He will come to our rescue. God, Himself, will answer you and me. Can you hear how personal that sounds? Have you ever pleaded with someone important whether your boss, public figure, or even a parent, and they responded to the need themselves? You expected for them to send their assistant, but instead they — the most important one — responded to you.

“I will open rivers on the bare heights And springs in the midst of the valleys; I will make the wilderness a pool of water And the dry land fountains of water. I will put the cedar in the wilderness, The acacia and the myrtle and the olive tree; I will place the juniper in the desert Together with the box tree and the cypress.” (Isaiah 41:18-19, NASB)

This passage describes the wilderness-like times in life. You are barren. You are thirsty. You are hot. You are in need. God will provide what you need. God will quench your thirst. He will provide shade when you are weary. During those times, God can provide in creative, innovative ways. He can provide something out of nothing. Doesn’t that give you great hope? Even when you can’t answer how He will do it, He is creative enough to figure it out even when the odds are stacked against you.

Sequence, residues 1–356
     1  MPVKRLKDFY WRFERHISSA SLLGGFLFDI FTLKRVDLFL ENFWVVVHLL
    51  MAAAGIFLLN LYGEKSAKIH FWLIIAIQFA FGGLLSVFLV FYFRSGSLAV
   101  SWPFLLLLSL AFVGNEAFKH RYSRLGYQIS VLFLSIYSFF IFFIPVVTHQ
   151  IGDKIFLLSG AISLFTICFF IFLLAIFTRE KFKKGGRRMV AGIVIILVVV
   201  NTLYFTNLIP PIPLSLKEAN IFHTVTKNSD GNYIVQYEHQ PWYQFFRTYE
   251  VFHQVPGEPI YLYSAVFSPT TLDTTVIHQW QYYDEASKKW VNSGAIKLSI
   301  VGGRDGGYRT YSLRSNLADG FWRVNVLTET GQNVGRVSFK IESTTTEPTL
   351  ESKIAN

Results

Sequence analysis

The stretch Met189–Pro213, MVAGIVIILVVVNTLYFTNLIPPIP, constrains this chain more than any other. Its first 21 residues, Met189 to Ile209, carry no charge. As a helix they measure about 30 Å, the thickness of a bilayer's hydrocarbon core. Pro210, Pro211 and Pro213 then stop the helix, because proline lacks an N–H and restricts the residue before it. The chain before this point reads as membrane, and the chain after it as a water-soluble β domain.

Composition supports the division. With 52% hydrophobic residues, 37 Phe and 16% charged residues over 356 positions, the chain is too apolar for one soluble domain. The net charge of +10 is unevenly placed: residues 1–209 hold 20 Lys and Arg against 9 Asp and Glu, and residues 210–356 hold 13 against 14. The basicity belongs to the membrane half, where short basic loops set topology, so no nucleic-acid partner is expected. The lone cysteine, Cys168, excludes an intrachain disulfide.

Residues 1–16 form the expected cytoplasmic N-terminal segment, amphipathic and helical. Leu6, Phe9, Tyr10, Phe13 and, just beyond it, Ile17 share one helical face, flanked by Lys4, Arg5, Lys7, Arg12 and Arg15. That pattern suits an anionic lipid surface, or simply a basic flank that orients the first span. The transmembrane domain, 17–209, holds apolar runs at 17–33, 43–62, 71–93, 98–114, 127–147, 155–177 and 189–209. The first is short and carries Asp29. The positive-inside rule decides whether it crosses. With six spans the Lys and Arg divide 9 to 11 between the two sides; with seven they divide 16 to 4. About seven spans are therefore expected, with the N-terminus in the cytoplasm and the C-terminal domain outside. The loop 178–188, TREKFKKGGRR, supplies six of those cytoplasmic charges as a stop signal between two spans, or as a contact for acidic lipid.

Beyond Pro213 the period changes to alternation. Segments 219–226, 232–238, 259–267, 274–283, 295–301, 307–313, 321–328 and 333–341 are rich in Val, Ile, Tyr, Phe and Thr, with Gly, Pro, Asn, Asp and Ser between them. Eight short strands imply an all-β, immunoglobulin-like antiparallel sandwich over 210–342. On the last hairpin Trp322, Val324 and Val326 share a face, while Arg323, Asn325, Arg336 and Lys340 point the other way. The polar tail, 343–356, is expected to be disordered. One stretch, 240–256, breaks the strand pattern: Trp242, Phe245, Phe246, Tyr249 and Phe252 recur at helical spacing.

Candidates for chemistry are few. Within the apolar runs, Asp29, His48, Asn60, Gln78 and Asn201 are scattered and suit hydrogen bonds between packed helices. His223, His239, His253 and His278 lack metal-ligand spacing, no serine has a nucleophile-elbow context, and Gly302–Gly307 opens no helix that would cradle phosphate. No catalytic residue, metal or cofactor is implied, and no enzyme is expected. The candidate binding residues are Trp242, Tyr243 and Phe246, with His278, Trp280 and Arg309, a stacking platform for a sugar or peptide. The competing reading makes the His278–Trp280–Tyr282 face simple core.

“That they may see and recognize, And consider and gain insight as well, That the hand of the Lord has done this, And the Holy One of Israel has created it.” (Isaiah 41:20 NASB).

God will do all of this so that His glory will be put on display. People — including yourself — will see that He is powerful.

So you can see how after a night of wrestling with fear and anxiety, reading this was like shade and water for my soul. God is a god who sees. And God is a god who acts on your behalf.

What do you need His help with today? What are you fearful about today? What keeps you awake at night? Where do you need some shade?

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Hi, I'm Ashleigh Slater, founder and editor of Ungrind. Here at Ungrind, it’s our goal to churn out biblically-based encouragement for women. We strive to be honest and transparent about our struggles in a way that inspires hope, faith, and perseverance.

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Welcome Home

by Jordan Douglas time to read: 4 min